Hackensack University Medical Center Opens First Heart and Brain Center in New Jersey

September 28, 2021

Services Focus on Reducing Second Strokes Among People with Common Heart Disorder

Hackensack University Medical Center has established a Heart and Brain Center to evaluate and treat people with patent foramen ovale (PFO) — a small hole in the heart — who have had a stroke not due to other causes and who are at risk of a second stroke. The clinic is a collaboration between the medical center's renowned cardiology and neurology experts in one multidisciplinary program and is the first of its kind in New Jersey.

PFO is a condition that as many as one in four people are born with. People with PFO have a hole between the left and right atria (upper chambers) of the heart. This hole exists in everyone before birth, but most often closes shortly after being born. In people with PFO, the hole fails to close naturally after a baby is born. The hole can vary in size.

If someone with PFO develops a blood clot in the legs or other part of the body, it may travel to the heart, cross through the hole, and travel to the brain, where it can cause what is called an embolic stroke. "Even a very small clot can cause a lot of damage to the brain," explained cardiologist Joseph E. Parrillo, MD, chair of the Heart and Vascular Hospital at Hackensack University Medical Center.

Closing the PFO through an interventional heart procedure can reduce the risk of a second stroke in people who had a first stroke. Only about 1% of patients with a PFO experience a stroke, however, and among those, not everyone needs to have the closure procedure. That's where the Heart and Brain Clinic comes in.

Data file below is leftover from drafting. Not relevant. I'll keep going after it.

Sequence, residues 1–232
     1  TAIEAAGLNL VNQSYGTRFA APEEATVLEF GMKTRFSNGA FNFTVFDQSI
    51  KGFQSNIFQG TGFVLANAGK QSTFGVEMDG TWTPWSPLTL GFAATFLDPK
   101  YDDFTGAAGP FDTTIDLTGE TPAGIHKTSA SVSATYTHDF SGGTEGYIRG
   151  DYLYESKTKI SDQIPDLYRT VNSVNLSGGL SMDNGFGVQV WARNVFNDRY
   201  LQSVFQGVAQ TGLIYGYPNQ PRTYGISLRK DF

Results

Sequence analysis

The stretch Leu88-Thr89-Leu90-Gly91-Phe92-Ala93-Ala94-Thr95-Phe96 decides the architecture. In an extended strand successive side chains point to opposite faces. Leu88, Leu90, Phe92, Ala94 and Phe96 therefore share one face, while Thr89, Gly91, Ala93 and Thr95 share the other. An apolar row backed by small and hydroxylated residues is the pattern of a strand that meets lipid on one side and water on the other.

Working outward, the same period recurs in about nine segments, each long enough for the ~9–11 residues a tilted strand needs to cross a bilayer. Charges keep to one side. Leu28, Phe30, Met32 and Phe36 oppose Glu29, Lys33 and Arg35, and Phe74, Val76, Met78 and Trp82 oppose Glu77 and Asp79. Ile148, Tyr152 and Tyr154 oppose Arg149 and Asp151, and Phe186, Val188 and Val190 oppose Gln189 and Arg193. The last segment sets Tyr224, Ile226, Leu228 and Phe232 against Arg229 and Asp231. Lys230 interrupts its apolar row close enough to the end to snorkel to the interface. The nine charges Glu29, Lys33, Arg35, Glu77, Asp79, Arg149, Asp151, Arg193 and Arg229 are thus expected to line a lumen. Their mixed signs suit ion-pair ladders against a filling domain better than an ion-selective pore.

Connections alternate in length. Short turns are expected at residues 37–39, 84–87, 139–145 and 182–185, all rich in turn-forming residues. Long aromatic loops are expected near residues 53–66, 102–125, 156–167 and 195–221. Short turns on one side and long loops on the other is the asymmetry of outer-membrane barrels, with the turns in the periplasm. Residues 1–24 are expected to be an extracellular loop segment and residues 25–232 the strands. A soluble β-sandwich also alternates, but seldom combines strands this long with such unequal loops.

"Most PFOs are of no significance," noted neurologist Martin S. Gizzi, MD, PhD, director of the Division of Cerebrovascular Diseases and the Comprehensive Stroke Center at Hackensack University Medical Center and professor of Neurology at Hackensack Meridian School of Medicine. "We established this center to formally bring together heart and brain specialists to examine each patient, discuss their test results, and determine the best course of action for people with PFO who have had a stroke. It's not appropriate to close the PFO in everyone who has one, so we have to be selective."

"We have a well-developed structural heart program through the Heart and Vascular Hospital  and a well-developed stroke program through our Comprehensive Stroke Center," added Florian P.Thomas, MD, PhD, founding chair and professor, Department of Neurology at Hackensack University Medical Center and Hackensack Meridian School of Medicine. "We have academic programs in interventional heart and stroke care that offer the ideal combination of expertise, all in one medical center."

The center enables patients to see a structural cardiologist and stroke neurologist during the same visit. The team meets four times a month and offers patients services such as: